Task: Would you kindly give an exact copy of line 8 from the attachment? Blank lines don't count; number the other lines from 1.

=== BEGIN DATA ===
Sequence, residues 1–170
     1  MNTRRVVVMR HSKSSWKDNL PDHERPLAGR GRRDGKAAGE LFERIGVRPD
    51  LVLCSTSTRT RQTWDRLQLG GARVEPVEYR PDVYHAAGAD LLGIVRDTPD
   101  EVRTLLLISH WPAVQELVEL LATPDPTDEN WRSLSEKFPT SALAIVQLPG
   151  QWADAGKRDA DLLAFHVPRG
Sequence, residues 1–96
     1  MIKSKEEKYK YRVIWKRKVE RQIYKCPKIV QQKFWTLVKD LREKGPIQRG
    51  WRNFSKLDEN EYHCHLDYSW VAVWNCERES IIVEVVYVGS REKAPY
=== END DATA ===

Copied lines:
    51  WRNFSKLDEN EYHCHLDYSW VAVWNCERES IIVEVVYVGS REKAPY